4: Sell in packages, rather than singularly

Packaging your services is not about offering a group discount for purchasing more hours up front. It’s about understanding the best possible outcome from your clients’ perspective and selling them that – in just one proposal. Whether your package is a monthly retainer, a suite of services, or a marketing plan plus execution, you’re only limited by your imagination.

One of the biggest mistakes I made over the years was waiting before proposing what I could see warranted a bigger piece of work. Instead, I’d quote and deliver a smaller piece of work, which gave a smaller result. I thought I was gaining their trust before pitching them something bigger and better, but instead I was leaving money on the table and denying myself the opportunity to demonstrate far greater value for the client.

5: Keep your leads coming

Since January 2010, I’ve published at least one blog post and sent at least one mass email per month. Over time, I’ve added more frequency and more variety, including guest blogs (such as this one), podcast appearances, speaking at events, and regular live video on social media.

If you want to earn more, you need to commit to regular marketing. Stop waiting for referrals and start building your professional reputation and growing your online community.

Your marketing should be regular and consistent, offering value – giving first – and asking later.

When your marketing focuses on consistently delivering useful, valuable and relevant content to your community, you’re generating regular leads who are informed and committed. They know you because you’ve taken the time to develop a rapport. They don’t need to be sold to – they just need to be asked to buy.

6: Your attitude is your biggest business asset

For several years, I ignored all the hoopla on the internet about the mythical ‘mindset’. First, I hate the word mindset (my mind is anything but set), and second, I thought that was impractical waffle and I was made of sterner stuff. Ha! How naïve.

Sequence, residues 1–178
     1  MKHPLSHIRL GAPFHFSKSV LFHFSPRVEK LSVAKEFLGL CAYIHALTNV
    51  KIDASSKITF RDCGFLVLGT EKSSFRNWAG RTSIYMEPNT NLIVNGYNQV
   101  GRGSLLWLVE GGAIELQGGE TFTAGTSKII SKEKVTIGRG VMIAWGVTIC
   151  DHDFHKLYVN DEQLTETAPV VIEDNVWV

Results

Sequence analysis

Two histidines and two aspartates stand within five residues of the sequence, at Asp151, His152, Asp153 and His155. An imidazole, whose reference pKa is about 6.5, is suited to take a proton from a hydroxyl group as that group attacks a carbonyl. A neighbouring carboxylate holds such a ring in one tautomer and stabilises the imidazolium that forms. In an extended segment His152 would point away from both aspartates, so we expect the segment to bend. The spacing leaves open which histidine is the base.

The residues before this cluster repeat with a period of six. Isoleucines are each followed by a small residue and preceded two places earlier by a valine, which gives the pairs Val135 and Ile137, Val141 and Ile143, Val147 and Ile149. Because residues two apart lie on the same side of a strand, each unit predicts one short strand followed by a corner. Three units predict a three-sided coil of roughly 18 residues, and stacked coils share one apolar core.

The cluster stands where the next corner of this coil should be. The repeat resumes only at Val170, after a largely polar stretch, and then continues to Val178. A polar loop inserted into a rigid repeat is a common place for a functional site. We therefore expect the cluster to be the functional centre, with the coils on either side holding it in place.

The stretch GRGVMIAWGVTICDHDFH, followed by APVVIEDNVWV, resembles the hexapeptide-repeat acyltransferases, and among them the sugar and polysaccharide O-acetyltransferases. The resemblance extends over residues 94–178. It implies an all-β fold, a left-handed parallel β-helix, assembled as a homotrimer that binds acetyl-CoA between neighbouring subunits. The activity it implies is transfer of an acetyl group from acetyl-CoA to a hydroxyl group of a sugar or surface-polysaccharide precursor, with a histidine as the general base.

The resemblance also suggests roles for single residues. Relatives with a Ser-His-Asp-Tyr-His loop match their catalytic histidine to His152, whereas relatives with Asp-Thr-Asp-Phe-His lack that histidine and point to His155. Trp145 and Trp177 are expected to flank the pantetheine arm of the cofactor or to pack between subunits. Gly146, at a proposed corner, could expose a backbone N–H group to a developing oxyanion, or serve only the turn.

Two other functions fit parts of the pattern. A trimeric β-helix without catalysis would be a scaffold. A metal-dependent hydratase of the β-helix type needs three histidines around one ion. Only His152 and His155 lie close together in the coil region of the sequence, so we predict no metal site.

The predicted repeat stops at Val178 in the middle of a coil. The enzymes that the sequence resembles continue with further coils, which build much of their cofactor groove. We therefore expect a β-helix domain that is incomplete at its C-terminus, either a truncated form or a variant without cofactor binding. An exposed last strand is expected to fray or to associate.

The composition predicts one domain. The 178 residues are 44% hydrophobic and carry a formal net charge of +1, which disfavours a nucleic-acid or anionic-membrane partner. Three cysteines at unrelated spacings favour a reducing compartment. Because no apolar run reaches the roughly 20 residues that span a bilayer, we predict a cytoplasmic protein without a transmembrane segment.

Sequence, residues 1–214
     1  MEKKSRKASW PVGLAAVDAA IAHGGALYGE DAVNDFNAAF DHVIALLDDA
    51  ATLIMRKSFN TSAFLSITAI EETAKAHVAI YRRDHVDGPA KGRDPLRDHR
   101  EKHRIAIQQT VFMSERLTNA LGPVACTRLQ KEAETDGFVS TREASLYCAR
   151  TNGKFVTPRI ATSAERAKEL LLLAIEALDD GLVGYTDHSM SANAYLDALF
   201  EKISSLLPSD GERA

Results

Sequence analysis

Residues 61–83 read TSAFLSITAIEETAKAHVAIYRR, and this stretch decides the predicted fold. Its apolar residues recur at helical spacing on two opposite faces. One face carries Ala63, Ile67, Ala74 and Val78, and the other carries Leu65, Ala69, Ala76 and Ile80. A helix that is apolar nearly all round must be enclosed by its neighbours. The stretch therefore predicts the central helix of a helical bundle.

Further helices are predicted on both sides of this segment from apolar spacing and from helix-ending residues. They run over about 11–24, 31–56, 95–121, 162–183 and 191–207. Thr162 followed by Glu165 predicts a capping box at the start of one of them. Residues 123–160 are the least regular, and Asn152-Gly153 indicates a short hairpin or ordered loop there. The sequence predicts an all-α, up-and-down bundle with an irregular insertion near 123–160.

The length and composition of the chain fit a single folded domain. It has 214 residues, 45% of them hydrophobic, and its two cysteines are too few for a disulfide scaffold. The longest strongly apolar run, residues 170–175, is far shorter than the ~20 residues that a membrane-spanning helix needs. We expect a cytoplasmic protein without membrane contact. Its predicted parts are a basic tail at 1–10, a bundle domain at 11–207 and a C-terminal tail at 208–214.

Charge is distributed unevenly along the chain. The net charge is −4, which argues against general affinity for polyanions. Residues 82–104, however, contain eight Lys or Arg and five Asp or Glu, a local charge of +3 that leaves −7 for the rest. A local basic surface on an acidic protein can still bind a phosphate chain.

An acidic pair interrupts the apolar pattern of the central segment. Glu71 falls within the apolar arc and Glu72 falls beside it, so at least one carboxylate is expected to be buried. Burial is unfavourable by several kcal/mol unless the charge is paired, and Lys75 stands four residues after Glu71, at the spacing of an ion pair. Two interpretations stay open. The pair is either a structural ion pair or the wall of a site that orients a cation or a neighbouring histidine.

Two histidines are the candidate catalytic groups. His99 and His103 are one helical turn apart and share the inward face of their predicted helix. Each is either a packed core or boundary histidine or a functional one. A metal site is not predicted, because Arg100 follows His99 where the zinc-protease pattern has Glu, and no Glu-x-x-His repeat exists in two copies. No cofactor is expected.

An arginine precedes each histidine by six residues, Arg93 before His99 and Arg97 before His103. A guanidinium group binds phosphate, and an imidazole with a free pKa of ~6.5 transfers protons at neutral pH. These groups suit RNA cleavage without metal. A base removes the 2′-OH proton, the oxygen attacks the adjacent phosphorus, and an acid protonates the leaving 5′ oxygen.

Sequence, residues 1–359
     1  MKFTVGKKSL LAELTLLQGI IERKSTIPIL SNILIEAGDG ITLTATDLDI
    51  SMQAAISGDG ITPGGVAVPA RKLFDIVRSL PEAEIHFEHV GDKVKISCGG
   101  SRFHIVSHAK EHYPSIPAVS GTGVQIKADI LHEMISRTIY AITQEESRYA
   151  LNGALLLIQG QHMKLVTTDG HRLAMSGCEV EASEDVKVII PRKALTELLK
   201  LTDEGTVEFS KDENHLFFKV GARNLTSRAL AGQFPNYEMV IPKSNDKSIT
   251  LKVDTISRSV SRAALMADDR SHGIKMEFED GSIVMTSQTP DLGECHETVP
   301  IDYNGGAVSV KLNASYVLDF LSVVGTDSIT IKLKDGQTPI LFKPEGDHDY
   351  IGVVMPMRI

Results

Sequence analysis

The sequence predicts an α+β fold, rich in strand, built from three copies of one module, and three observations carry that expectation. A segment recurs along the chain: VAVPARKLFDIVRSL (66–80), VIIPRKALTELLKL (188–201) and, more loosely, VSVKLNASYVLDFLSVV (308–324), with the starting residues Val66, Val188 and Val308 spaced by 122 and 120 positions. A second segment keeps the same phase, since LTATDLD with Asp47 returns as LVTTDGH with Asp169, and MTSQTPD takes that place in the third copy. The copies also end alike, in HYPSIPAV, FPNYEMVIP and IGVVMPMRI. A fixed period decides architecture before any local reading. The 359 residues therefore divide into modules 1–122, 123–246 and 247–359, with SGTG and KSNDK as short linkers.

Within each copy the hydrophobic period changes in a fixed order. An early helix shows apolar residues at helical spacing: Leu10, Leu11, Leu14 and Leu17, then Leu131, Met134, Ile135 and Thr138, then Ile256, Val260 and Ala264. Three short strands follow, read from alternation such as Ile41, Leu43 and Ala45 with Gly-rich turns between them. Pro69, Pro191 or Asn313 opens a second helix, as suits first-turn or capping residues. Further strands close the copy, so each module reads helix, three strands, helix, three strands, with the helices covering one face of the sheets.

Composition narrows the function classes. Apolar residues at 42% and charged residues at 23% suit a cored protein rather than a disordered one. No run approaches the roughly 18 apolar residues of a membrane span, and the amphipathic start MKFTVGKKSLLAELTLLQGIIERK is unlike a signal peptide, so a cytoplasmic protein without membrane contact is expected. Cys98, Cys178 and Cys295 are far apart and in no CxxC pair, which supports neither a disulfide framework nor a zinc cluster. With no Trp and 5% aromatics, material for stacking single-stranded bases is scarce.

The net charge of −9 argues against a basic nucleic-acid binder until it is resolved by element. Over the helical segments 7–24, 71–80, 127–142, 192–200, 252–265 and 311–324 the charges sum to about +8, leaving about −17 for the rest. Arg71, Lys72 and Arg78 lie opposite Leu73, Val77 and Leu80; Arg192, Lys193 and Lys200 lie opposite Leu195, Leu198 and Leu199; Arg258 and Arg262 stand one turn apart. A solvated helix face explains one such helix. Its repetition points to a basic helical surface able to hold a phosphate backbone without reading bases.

Your psychology has everything to do with how much you earn. Your beliefs and behaviours around money, your emotional resilience, enthusiasm, grit, open-mindedness, imagination and self-belief all directly translate into your business’s bottom line.

When my beliefs were challenged and proven to be untrue marked the key turning points in my business to date. Perhaps central to this is our popular, deep-seated belief that work is dirge and enjoyment is frivolous. When you are doing something that feeling like play and being paid excellent money, you will try to sabotage yourself. It’s a radical concept that we can do something we enjoy, which comes easily to us, while being well-compensated for this.

As well as a business coach and trainer, I’m also a long-term yoga and meditation teacher. Self-employment is, hand’s down, the most accelerated form of self-development there is. Each earning threshold you hit will bring a new level of discomfort, exploration and challenges, but not the ones you may imagine. Half the skill in business is knowing what you want – not only in earnings but in your work, your clients and how you can best deliver this. Once you’ve figured out what you want, you’re half way to getting it.

Do you agree with Brook’s ways to hit $100K? Anything else you’re trying or want to try to raise your income?